Tau Cross – “Pillar Of Fire”

Tau Cross – “Pillar Of Fire” (Relapse)

Battle Helm Rating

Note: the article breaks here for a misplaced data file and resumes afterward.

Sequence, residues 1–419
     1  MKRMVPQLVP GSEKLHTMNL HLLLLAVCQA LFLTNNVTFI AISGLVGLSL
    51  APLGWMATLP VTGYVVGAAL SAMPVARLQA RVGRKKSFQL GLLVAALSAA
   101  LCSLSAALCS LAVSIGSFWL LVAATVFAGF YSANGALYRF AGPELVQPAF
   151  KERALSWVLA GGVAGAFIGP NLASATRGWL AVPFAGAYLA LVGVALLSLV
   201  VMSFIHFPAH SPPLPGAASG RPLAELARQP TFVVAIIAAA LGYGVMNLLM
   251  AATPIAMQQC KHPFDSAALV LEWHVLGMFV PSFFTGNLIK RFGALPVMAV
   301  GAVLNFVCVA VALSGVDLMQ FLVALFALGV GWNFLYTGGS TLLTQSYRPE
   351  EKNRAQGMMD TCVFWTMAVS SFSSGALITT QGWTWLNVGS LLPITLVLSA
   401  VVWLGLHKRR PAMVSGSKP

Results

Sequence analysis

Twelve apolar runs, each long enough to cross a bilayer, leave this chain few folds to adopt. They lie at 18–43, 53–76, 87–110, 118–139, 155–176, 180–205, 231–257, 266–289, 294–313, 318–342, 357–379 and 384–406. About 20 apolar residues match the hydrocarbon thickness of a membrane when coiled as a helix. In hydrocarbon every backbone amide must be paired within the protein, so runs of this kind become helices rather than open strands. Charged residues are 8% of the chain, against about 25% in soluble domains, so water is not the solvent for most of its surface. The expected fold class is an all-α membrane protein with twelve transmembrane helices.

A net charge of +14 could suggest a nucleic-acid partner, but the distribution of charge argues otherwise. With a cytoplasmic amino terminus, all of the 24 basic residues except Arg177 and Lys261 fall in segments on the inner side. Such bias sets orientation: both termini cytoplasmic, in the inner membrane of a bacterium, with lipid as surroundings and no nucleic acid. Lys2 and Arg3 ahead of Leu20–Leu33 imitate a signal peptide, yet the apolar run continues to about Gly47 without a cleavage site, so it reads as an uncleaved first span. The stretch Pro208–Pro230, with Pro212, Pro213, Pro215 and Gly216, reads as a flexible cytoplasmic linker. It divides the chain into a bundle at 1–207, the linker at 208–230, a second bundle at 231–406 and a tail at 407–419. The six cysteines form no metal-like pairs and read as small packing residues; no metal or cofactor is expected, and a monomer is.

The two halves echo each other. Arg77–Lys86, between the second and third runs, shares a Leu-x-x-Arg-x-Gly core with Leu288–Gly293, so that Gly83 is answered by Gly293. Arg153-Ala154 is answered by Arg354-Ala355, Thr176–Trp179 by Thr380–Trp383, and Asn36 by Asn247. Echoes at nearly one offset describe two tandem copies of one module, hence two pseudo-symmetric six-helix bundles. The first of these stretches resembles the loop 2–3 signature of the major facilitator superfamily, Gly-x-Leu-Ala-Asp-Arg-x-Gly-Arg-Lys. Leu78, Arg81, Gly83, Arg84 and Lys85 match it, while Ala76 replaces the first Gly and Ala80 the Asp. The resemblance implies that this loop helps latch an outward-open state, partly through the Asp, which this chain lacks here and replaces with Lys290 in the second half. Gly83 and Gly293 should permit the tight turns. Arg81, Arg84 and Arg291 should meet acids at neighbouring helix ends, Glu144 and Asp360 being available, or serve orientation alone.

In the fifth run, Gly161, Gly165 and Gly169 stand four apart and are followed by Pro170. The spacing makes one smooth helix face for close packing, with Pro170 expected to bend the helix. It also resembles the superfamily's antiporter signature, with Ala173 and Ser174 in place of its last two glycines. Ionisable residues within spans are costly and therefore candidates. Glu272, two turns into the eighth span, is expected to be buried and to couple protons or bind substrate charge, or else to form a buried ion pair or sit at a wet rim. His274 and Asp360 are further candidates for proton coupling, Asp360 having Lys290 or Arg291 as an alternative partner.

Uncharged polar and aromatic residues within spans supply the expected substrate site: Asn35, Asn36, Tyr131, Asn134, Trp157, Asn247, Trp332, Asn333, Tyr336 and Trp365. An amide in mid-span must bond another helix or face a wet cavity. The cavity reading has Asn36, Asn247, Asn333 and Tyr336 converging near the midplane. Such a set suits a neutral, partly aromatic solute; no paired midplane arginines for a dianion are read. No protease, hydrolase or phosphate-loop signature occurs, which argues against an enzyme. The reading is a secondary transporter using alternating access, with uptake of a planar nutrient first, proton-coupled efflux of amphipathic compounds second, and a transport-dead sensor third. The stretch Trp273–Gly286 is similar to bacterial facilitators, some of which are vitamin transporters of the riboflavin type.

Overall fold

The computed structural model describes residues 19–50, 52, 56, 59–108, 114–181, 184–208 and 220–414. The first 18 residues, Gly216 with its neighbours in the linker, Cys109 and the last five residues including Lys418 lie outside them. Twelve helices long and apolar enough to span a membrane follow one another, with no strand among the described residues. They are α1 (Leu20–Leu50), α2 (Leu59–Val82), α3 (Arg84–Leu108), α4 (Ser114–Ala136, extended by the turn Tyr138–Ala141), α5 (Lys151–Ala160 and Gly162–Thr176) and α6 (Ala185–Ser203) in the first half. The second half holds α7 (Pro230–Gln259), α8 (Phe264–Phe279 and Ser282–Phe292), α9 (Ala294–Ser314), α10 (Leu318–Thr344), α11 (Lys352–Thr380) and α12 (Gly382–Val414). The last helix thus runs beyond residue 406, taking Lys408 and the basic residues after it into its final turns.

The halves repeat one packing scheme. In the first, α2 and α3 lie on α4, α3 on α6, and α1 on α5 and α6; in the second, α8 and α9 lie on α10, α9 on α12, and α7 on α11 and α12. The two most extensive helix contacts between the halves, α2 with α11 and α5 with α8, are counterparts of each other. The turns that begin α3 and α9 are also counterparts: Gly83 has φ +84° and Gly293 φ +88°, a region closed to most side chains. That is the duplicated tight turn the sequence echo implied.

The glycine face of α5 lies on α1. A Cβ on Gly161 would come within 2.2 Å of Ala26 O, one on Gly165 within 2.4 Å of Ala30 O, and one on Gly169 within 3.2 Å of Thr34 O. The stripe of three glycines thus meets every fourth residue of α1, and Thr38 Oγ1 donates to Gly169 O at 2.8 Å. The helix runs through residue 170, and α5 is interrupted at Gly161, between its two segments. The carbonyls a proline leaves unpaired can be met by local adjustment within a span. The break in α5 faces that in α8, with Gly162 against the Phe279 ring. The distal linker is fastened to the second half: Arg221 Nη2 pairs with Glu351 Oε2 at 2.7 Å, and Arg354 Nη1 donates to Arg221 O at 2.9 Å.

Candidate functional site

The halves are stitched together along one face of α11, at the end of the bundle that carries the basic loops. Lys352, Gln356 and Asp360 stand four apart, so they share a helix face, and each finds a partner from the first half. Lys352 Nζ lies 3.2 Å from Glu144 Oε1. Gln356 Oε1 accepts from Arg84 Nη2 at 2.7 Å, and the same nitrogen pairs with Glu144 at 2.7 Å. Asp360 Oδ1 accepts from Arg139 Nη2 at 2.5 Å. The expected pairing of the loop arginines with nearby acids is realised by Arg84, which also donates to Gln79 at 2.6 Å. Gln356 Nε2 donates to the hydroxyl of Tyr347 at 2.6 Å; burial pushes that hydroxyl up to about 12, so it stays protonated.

With their legacy rooted in cult bands like crust punks Amebix and alt thrash metallers Voi Vod, Tau Cross is a super group in more ways than one – not in the least in bringing to bear once more a number of styles whose addictive hold on those who still yearn to hear them again is as strong as when they were first touched by their tones! Crucially made up of drummer Michel ‘Away’ Langevin and Rob ‘The Baron’ Miller on bass and vocals, and joined by Tom Radio (Frustration), Jon Misery (Misery) and Andy Lefton (War//Plague), Tau Cross resurrects the original decayed sound of Amebix, but now adds a fuller and more solid body thanks to the twin guitars along with Langevin’s eclectic drumming. That said, while utilizing metal elements in some of the guitar work, this isn’t a metal album and sticks to its anarcho punk roots with a distinct 80s sound although thankfully not resurrecting the past but instead bringing itself into modernity admirably. Completed by new age tribal rhythms and Miller’s alternating hoarse crust / new wave vocals definitely adding to that affect the likes of ‘Deep State’ bring the grinding bass, nihilistic riffs and Miller’s possessed voice together with some classy licks and Langevin’s frantic drumming – along with some serious cymbal fetishes ha ha! Moving into a grinding groove on ‘Killing the King’ the tribal drumming forms the solid back beat to hard metallic riffing topped off by new age melodies and Miller’s now cleaner, but soon drifting back into harshness style in keeping to the alternating mood of the song. It all builds into a catchy chorus but still retains a punk as f–k label as all the classic ingredients are still there so nicely done lads! To show that even a mangy dog can do new tricks is the dark n somber closer ‘What is a Man’, beginning quietly enough acoustically with Miller’s baritone vocals almost goth like before wailing guitars come crashing in and culminate in heartfelt guitar god solos on what must be the only crust punk ballad ever written! This might be music to old punks come of age but it is also sure to resonate among new generations of angst and socially conscious youth searching for the answers the world over – but with a difference to the same old tune.

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